An effective and exciting conclusion.

A WAY BETWEEN WORLDS

From the Lighthouse Keepers series , Vol. 2

The quest that began with The Lighthouse Between the Worlds (2018) continues.

Four days after escaping Somni and its evil, magic-wielding priests, Griffin and Fi have taken refuge on Caligo, one of the eight worlds connected by lighthouse portals. The children learn they are crucial to defeating the priests, who are bent on controlling the magic of all eight worlds. (Earth is one of the eight, and its magic, oddly, is not disclosed.) The priests have now invaded Fi’s home world of Vinea, aided by mind-controlled soldiers from Earth. Fi discovers the greenwitch magic of Vinea has been lying dormant within her and must learn to trust her new power in order to help the resistance back home. Griffin travels to Maris, an oceanic world whose sonic magic may be able to protect Earth from further mind control. The risks are great, but they have no other options. Worldbuilding is vivid, from Caligo’s library, with bear-sized batlike creatures that convey visitors to the multistoried stacks, to Maris, where the inhabitants live on docks suspended above the sea. Third-person narration alternates between Griffin and Fi. Each has a fair balance of accessible strengths and weaknesses. Griffin is white; other Earth humans assume a white default. Greenwitch skin glows green, and Marisians have bronze skin.

An effective and exciting conclusion. (Fantasy. 8-13)

Pub Date: Oct. 1, 2019

ISBN: 978-1-5344-0518-9

Page Count: 224

Publisher: Atheneum

Review Posted Online: July 14, 2019

Kirkus Reviews Issue: Aug. 1, 2019

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Is this the end? Well, no…the series will stagger on through at least one more scheduled sequel.

CAPTAIN UNDERPANTS AND THE TERRIFYING RETURN OF TIPPY TINKLETROUSERS

From the Captain Underpants series , Vol. 9

Sure signs that the creative wells are running dry at last, the Captain’s ninth, overstuffed outing both recycles a villain (see Book 4) and offers trendy anti-bullying wish fulfillment.

Not that there aren’t pranks and envelope-pushing quips aplenty. To start, in an alternate ending to the previous episode, Principal Krupp ends up in prison (“…a lot like being a student at Jerome Horwitz Elementary School, except that the prison had better funding”). There, he witnesses fellow inmate Tippy Tinkletrousers (aka Professor Poopypants) escape in a giant Robo-Suit (later reduced to time-traveling trousers). The villain sets off after George and Harold, who are in juvie (“not much different from our old school…except that they have library books here.”). Cut to five years previous, in a prequel to the whole series. George and Harold link up in kindergarten to reduce a quartet of vicious bullies to giggling insanity with a relentless series of pranks involving shaving cream, spiders, effeminate spoof text messages and friendship bracelets. Pilkey tucks both topical jokes and bathroom humor into the cartoon art, and ups the narrative’s lexical ante with terms like “pharmaceuticals” and “theatrical flair.” Unfortunately, the bullies’ sad fates force Krupp to resign, so he’s not around to save the Earth from being destroyed later on by Talking Toilets and other invaders…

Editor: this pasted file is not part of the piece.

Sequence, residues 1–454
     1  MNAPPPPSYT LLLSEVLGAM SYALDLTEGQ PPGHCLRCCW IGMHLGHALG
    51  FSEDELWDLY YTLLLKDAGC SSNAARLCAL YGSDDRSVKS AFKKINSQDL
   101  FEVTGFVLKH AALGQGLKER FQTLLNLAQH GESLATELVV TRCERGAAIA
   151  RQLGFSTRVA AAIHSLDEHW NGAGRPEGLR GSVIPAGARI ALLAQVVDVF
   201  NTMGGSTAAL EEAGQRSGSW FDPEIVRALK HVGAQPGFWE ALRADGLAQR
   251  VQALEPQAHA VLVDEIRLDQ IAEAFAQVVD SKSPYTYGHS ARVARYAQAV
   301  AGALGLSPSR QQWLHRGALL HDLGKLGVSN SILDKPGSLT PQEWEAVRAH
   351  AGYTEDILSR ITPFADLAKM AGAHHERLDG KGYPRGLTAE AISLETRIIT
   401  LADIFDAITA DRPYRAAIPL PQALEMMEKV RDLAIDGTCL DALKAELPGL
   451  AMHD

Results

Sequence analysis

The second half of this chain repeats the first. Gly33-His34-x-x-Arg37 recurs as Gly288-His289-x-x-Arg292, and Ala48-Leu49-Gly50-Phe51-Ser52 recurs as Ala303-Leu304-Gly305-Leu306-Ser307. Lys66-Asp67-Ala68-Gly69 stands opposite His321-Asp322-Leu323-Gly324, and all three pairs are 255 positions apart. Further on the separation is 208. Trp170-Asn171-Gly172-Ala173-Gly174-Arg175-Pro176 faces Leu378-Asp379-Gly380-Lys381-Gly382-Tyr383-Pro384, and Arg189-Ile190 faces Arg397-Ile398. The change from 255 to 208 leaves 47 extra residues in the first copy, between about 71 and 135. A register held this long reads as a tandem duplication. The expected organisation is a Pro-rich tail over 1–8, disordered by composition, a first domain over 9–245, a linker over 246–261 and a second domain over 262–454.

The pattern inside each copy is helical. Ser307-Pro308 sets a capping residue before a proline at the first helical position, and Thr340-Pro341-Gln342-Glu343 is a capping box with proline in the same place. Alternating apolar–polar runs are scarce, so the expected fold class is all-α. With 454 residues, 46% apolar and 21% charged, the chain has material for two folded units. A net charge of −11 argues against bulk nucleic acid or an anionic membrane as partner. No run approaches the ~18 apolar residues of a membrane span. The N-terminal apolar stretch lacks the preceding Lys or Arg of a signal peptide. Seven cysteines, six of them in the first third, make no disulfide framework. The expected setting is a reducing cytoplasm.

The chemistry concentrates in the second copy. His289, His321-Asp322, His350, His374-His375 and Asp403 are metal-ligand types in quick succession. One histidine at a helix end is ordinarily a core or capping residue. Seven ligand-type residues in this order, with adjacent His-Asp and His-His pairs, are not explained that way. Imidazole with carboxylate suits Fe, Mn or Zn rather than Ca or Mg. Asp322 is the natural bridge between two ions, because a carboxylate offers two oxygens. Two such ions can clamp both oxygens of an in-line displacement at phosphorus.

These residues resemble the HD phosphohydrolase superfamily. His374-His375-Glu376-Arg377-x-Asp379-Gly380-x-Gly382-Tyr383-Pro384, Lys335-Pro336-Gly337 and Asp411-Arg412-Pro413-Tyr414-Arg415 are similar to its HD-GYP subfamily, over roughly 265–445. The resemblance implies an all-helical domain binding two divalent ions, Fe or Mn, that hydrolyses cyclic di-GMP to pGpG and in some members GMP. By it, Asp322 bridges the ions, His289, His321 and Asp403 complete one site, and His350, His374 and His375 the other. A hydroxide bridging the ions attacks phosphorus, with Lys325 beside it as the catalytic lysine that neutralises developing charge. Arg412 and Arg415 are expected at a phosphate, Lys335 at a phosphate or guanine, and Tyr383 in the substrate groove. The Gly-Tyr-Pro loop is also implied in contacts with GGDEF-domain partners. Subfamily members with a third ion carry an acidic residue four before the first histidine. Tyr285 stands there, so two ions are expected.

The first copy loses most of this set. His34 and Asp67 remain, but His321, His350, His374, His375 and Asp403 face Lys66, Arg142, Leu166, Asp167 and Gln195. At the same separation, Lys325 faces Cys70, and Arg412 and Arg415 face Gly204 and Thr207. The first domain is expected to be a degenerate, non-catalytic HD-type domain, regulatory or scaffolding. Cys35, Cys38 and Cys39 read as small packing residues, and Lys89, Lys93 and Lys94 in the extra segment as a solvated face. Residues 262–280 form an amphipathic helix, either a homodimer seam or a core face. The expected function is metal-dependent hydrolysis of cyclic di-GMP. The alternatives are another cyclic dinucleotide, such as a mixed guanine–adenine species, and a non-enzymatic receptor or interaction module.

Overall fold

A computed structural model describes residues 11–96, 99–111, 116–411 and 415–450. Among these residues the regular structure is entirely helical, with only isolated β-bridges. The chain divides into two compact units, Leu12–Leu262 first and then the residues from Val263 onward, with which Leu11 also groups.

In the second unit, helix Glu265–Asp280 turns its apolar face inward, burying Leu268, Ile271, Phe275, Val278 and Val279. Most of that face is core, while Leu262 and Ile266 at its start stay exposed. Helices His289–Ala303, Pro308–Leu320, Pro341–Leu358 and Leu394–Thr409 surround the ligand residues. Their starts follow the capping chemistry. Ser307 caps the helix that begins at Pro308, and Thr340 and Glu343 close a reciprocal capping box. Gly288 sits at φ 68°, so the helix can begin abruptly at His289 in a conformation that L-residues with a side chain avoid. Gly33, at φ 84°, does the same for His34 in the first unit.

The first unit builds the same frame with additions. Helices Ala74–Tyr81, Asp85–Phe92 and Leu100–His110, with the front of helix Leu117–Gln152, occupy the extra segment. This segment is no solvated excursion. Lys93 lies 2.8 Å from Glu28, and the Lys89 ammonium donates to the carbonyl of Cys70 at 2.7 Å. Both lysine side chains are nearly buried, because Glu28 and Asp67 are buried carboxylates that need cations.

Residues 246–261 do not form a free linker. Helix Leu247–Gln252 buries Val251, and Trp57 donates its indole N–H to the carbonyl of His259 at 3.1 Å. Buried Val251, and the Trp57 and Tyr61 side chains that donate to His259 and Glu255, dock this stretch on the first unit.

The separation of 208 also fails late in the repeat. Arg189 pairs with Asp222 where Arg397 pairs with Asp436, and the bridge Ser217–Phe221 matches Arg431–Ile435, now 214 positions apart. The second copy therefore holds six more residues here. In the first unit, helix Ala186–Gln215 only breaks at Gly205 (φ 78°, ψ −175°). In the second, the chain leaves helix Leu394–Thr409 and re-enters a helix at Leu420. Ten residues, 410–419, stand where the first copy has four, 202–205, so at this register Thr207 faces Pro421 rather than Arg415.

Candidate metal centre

Is this the end? Well, no…the series will stagger on through at least one more scheduled sequel. (Fantasy. 10-12)

Pub Date: Aug. 28, 2012

ISBN: 978-0-545-17534-0

Page Count: 304

Publisher: Scholastic

Review Posted Online: June 20, 2012

Kirkus Reviews Issue: July 15, 2012

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Gripping and pretty dark—but, in the end, food, family, friendship, and straight facts win out over guile, greed, and terror.

THE ICKABOG

Rowling buffs up a tale she told her own children about a small, idyllic kingdom nearly destroyed by corrupt officials.

In the peaceful land of Cornucopia, the Ickabog has always been regarded as a legendary menace until two devious nobles play so successfully on the fears of naïve King Fred the Fearless that the once-prosperous land is devastated by ruinous taxes supposedly spent on defense while protesters are suppressed and the populace is terrorized by nighttime rampages. Pastry chef Bertha Beamish organizes a breakout from the local dungeon just as her son, Bert, and his friend Daisy Dovetail arrive…with the last Ickabog, who turns out to be real after all. Along with full plates of just deserts for both heroes and villains, the story then dishes up a metaphorical lagniappe in which the monster reveals the origins of the human race. The author frames her story as a set of ruminations on how evil can grow and people can come to believe unfounded lies. She embeds these themes in an engrossing, tightly written adventure centered on a stomach-wrenching reign of terror. The story features color illustrations by U.S. and Canadian children selected through an online contest. Most characters are cued as White in the text; a few illustrations include diverse representation.

Gripping and pretty dark—but, in the end, food, family, friendship, and straight facts win out over guile, greed, and terror. (Fantasy. 10-13)

Pub Date: Nov. 10, 2020

ISBN: 978-1-338-73287-0

Page Count: 304

Publisher: Scholastic

Review Posted Online: Nov. 17, 2020

Kirkus Reviews Issue: Dec. 1, 2020

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